Gonda police station in Ranchi on Monday. (Hardeep Singh)
Call it the mystery of the vanished Bal Mitra Thana.
The first child-friendly police station in Jharkhand that debuted in Gonda, near the chief minister’s Kanke residence, on November 26 last year, has stopped functioning from August this year.
There were clues aplenty to show that everything was amiss. First, the signboard showing the way to the special thana was missing. The office of the thana in-charge was locked.
Then, came the clincher.
Sugar Kandulna, ace hockey player and sub-inspector, who had been appointed as the in-charge of this Bal Mitra Thana for juvenile offenders, was transferred in August.
Since then, the post of in-charge is vacant and the thana — where policemen wore plain clothes and did not handcuff children or put them behind bars — is defunct.
When The Telegraph sought an explanation, officer in charge of Gonda police station Raj Kapoor hastily said: “The Jagannathpur Bal Mitra Thana (the second special police station) is functional.”
That didn’t answer the question of why the Bal Mitra Thana in Gonda was felled by neglect. After all, it had enjoyed a hi-profile launch by additional director general of police (crime investigation) Asha Sinha at the behest of then deputy inspector general of South Chotanagpur Sampat Meena.
Ranchi SSP Saket Kumar Singh, present during the launch, cobbled up a defence.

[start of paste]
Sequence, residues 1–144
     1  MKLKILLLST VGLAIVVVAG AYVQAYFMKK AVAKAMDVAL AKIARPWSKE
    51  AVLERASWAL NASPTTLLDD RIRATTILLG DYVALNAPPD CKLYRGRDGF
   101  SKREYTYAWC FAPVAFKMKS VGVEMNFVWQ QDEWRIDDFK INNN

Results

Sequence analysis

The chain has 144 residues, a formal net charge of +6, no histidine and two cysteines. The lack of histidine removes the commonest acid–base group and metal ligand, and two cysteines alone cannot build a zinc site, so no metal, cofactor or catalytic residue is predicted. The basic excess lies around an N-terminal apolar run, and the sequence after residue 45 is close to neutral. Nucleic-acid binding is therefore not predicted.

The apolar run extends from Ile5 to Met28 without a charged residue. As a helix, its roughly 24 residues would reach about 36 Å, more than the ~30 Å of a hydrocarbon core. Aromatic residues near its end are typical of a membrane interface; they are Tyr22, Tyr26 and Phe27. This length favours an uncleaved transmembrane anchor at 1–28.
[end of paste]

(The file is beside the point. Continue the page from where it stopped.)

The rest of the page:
“A Bal Mitra Thana isn’t a special police station like a mahila or ST/SC thana where a full-time OC is required. It’s just for creating awareness among police officers about Juvenile Justice (Care and Protection of Children) Act, 2000. As most police officers have been trained to handle cases related to children in conflict with the law sensitively, it is natural that special Bal Mitra police stations will get redundant,” he said.
State Commission for Protection of Child Rights member Sanjay Mishra, also present at the time of the inauguration of Bal Mitra Thana, refused to buy the explanation.
“It’s great that police officers have been sensitively trained. But it does not mean that a Bal Mitra Thana should be closed. Instead, the network of Bal Mitra police stations should be strengthened and given adequate staff strength so that the thanas are the turning point in the lives of these children,” he said.
He added that the thanas were conceptualised to give troubled or wayward minor delinquents a chance to change.
Whether Gonda’s Bal Mitra Thana — hailed as a milestone for juvenile justice — is a casualty thanks to an overdose of sensitivity or just sheer apathy is worthy of a probe.
The mystery of the missing signboard is far easier to solve.
“It was uprooted during the widening of Kanke Road a month ago,” a policeman said.